Gridley Telephone Co. History

Telephone service in the Gridley area dates back to the 19th century. Prior to 1900, a few telephone lines existed, operated by various groups of individuals. The lines were not very well built and often rather makeshift. One of the several local companies organized to operate telephones around 1900 was run by M.J. Wald, Ward Hiserodt and C.M. Coyle. Hiserodt, a mechanical genius of the times, was the individual most instrumental in helping to establish a credible telephone system in Gridley. The surrounding rural areas were served by a host of small companies and cooperatives.

Hiserodt, along with helpers Will Shanebrook and Blaine Tarman, began putting up telephone lines in Gridley in February 1900. The original automatic magneto dial system installed was manufactured by the National Automatic Telephone Co. of Chicago. It began operation in the summer of 1900, providing dial service to about 60 customers in the village. This was one of the earliest dial exchanges in central Illinois.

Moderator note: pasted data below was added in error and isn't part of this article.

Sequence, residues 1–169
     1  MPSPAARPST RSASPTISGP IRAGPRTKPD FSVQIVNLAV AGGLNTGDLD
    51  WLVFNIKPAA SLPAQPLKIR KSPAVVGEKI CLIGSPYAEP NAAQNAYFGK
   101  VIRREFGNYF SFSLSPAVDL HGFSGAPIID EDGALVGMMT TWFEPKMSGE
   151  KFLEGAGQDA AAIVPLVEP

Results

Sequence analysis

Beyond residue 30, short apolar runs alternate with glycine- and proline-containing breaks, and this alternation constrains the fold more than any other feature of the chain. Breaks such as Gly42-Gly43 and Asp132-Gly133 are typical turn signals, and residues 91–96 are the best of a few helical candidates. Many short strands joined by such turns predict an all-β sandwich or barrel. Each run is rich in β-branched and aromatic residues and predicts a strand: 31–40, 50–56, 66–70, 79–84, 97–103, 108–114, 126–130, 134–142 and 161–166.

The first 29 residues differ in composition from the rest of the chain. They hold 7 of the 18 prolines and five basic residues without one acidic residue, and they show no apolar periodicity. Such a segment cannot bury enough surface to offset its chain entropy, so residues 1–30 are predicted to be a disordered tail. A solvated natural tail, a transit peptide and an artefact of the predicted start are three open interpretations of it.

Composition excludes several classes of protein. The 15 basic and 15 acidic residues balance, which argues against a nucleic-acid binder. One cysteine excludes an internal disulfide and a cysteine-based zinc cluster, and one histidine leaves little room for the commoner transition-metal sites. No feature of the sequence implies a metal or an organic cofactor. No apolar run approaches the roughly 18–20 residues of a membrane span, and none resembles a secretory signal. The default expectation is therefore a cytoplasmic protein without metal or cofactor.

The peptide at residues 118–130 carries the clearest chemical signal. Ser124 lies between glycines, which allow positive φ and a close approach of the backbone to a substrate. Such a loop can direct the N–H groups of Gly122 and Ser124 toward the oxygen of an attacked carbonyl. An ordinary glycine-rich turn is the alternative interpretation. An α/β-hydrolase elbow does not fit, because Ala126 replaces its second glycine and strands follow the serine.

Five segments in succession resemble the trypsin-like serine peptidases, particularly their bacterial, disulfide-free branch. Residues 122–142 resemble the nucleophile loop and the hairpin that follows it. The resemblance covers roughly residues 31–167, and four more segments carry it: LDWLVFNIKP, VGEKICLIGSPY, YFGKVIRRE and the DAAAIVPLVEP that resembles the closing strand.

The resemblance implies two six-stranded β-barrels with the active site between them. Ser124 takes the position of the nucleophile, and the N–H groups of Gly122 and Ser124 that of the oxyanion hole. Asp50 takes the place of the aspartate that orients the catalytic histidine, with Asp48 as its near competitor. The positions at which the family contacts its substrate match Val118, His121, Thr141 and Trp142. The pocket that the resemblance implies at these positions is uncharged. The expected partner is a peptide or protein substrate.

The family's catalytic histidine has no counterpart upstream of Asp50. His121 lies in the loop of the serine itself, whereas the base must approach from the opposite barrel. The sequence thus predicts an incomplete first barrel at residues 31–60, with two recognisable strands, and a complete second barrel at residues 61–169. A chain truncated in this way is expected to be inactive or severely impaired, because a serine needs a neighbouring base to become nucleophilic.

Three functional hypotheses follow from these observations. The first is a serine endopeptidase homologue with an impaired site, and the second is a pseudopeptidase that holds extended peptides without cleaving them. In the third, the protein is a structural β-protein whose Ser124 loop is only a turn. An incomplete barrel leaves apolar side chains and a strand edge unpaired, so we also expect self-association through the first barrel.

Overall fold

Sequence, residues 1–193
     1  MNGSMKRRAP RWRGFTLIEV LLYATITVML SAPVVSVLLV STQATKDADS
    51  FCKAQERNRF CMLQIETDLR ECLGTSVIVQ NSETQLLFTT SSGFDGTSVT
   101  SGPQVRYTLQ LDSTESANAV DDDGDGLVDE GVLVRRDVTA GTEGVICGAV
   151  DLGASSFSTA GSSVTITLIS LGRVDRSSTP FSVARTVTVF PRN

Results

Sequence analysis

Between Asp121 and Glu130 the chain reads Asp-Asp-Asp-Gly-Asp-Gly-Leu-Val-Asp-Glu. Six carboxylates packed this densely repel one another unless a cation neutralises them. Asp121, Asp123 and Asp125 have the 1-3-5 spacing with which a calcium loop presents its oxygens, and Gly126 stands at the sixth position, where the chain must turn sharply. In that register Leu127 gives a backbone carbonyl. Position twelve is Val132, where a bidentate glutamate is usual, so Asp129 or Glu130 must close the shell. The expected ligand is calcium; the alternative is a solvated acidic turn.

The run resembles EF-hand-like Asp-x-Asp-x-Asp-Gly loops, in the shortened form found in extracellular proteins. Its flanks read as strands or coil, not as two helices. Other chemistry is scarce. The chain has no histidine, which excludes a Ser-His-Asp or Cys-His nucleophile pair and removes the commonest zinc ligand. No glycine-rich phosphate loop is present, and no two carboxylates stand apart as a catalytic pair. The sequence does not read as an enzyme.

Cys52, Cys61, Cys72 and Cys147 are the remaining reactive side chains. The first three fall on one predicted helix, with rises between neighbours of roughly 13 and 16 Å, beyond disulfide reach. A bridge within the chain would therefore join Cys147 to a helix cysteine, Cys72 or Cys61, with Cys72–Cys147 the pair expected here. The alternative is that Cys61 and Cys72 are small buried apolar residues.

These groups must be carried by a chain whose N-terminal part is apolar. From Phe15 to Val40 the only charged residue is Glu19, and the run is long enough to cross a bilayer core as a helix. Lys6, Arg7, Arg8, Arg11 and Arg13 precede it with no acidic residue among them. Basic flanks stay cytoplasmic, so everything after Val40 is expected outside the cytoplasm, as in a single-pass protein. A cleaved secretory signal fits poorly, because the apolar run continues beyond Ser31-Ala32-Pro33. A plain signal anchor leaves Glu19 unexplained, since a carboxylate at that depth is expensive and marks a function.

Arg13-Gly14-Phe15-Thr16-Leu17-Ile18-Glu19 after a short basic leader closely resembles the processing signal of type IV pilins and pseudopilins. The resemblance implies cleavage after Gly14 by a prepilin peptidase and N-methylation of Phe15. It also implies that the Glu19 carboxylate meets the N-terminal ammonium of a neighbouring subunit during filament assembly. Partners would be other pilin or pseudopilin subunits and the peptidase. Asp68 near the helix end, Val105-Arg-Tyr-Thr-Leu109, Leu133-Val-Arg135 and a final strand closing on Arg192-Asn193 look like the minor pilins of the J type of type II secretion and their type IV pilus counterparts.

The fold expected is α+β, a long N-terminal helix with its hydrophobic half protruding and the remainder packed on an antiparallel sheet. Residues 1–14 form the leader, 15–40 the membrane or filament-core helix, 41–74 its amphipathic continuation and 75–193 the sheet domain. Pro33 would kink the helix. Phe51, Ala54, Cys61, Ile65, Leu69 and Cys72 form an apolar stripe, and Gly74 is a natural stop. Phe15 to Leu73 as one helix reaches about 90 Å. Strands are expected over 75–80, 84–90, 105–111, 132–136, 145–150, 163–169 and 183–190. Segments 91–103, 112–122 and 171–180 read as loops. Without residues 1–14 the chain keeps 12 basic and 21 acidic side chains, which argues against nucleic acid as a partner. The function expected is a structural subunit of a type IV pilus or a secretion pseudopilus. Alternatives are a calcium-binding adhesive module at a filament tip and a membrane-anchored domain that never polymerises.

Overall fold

Telephone service was interrupted in May 1901 by the Great Gridley Fire, which destroyed the entire business district including the telephone company switch and building. Hiserodt said he would have a new system running by December, but how close he came to that date is not known. A new Stromberg-Carlson switchboard was installed and connected to the eight existing rural switcher lines and all the village lines.

About July 1903, most of the local telephone companies and co-ops in the Gridley area were consolidated under one board of directors, P. Luckert, secretary; and Hiserodt, manager of the switch. Directors were P.P. Ehresman, Con Hayes, Charles Hughes and Valentine Neuhauser. Daisy Whiteman was the operator of the central station.

The earliest telephone directory that still exists for the Gridley Telephone Co. is dated 1906 and was published by C.S. Rowley. The local area telephone companies listed in this directory were Fifer, Gridley Waldo, Independent, Waldo Central, Farmers Private, Waldo Short Line, Buck Creek, Prairie Valley, Northwestern and Grand View. The directory contains instructions that are unique to the times. For example: "Parties wanting El Paso call George Eft, 2 shorts and 1 long on Line 82." Eft would answer, then connect the caller to the El Paso switchboard in order to complete the call.